“Best Greg story,” Galloway tweeted on Thanksgiving morning, “coming up 18 at PHX all the founders were in their chairs. Greg goes, `Yep, caddied for her, her and her.’ Legend.”

    In a first-person column for Golf Magazine last year, Gulbis focused on Sheridan while writing about the special bond between players and caddies. She wrote that she won the “looper lottery” when she first hired Sheridan in ’04.

    “Greg and I have traveled the world, and today he is like family,” Gulbis wrote. “Sometimes, he’s a psychologist. Last year, my mom got sick and it was a distraction, but he was great. When I used to have boyfriend issues and breakup issues, he was my confidant. In a world where caddies sometimes spill secrets, Greg has kept a respectful silence, and I can’t thank him enough for that. He’s an extension of me.”

    Four months after Gulbis wrote the column, Sheridan was diagnosed with cancer.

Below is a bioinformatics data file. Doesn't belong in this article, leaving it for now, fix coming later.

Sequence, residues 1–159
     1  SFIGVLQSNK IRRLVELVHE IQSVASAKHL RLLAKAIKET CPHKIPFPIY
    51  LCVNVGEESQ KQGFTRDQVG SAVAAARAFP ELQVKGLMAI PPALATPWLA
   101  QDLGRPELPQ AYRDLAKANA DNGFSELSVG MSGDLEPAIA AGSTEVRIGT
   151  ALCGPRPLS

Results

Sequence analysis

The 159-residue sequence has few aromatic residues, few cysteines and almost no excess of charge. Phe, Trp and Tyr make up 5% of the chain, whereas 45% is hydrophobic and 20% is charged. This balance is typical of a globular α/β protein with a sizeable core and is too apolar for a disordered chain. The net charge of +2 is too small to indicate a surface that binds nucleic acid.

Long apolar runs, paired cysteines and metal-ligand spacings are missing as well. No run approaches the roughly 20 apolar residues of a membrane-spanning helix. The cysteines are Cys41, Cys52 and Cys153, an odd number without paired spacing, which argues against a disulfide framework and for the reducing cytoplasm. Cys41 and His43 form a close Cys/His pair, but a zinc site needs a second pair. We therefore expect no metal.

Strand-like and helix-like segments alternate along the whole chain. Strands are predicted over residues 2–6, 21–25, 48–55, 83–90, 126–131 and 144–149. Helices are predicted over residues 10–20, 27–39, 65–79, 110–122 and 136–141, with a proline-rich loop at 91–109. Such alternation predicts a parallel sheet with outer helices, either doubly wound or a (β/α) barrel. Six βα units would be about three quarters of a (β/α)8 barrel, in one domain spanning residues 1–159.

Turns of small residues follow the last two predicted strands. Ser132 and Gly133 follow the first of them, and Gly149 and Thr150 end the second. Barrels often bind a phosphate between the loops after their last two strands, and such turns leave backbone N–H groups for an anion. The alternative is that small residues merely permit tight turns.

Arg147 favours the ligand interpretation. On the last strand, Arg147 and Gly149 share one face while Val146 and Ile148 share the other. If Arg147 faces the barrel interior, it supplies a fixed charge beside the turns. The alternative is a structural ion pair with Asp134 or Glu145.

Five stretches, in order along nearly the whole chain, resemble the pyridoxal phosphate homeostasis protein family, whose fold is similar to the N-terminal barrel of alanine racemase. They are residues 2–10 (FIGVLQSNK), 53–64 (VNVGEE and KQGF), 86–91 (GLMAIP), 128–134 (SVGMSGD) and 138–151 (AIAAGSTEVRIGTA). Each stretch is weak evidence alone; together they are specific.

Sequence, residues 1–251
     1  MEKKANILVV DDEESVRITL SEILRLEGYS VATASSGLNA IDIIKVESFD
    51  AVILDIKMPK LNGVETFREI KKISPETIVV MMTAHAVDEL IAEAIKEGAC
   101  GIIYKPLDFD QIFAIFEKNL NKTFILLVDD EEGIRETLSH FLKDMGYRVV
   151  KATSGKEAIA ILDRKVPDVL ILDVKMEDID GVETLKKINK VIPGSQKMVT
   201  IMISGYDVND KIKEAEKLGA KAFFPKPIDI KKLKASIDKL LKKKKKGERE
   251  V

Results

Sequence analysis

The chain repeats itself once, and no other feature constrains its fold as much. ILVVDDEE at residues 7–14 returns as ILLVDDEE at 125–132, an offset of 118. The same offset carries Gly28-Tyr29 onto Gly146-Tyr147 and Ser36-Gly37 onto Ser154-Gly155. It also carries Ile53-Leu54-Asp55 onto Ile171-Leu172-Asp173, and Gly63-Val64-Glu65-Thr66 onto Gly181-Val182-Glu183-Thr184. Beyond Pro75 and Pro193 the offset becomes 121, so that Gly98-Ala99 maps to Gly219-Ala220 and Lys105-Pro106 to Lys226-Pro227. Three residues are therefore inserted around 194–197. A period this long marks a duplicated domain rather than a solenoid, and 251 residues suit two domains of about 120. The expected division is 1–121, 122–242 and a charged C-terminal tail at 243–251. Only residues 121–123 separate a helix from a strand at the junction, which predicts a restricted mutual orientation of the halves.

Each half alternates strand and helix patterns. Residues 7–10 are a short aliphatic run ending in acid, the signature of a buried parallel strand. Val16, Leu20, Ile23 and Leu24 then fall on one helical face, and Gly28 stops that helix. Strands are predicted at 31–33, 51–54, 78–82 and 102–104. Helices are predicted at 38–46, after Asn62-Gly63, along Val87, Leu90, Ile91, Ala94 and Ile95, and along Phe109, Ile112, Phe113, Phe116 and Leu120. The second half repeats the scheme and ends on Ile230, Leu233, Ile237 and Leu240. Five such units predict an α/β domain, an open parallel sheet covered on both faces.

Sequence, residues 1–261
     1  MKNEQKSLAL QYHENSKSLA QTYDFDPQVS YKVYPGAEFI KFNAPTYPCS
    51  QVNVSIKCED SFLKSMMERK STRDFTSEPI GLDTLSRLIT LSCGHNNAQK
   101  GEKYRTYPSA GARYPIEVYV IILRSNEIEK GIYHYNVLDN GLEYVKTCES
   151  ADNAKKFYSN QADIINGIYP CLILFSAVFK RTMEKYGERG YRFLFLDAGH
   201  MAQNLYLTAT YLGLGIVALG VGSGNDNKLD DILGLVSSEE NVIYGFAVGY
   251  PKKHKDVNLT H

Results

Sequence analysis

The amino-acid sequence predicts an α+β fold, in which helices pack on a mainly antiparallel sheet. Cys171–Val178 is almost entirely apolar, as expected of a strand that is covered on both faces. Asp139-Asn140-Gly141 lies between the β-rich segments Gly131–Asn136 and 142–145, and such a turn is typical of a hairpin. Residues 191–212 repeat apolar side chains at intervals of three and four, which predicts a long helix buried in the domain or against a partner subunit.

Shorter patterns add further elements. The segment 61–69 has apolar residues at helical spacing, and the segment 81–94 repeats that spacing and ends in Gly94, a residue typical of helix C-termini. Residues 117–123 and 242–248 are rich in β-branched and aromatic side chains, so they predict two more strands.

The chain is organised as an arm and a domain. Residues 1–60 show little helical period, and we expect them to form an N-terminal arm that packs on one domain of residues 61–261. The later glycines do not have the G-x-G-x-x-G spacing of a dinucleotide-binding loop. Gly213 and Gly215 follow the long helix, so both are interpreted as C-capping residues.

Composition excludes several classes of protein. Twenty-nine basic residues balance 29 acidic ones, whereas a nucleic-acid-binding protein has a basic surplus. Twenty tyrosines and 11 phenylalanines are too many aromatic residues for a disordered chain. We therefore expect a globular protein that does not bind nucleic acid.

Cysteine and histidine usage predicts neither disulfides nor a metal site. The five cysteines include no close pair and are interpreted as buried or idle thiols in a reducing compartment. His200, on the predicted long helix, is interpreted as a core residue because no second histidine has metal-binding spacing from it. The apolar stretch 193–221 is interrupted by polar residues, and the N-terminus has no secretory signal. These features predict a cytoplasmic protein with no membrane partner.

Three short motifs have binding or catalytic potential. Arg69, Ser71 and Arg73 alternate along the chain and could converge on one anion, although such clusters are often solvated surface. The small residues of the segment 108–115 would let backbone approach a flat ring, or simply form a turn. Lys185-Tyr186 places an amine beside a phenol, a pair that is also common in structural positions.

“The LPGA family is saddened to hear of the loss of long-time tour caddie, Greg Sheridan,” the LPGA tweeted. “Our thoughts and prayers are with his family and players he walked with down the fairways. #RIP.”

    Dean Herden was among the legion of caddies saddened by the news.

    “Greg was a great guy who I respected a lot and taught me some great things over the years,” Herden texted to GolfChannel.com.

    Here are some of heartfelt messages that are rolling across Twitter:

    Retired LPGA great Annika Sorenstam:

    LPGA commissioner Mike Whan in a retweet of Gulbis:

    Golf Channel reporter and former tour player Jerry Foltz:

    Christina Kim:

    LPGA caddie Shaun Clews:

    LPGA caddie Jonny Scott:

    LPGA caddie Kevin Casas:

    LPGA pro Jennie Lee: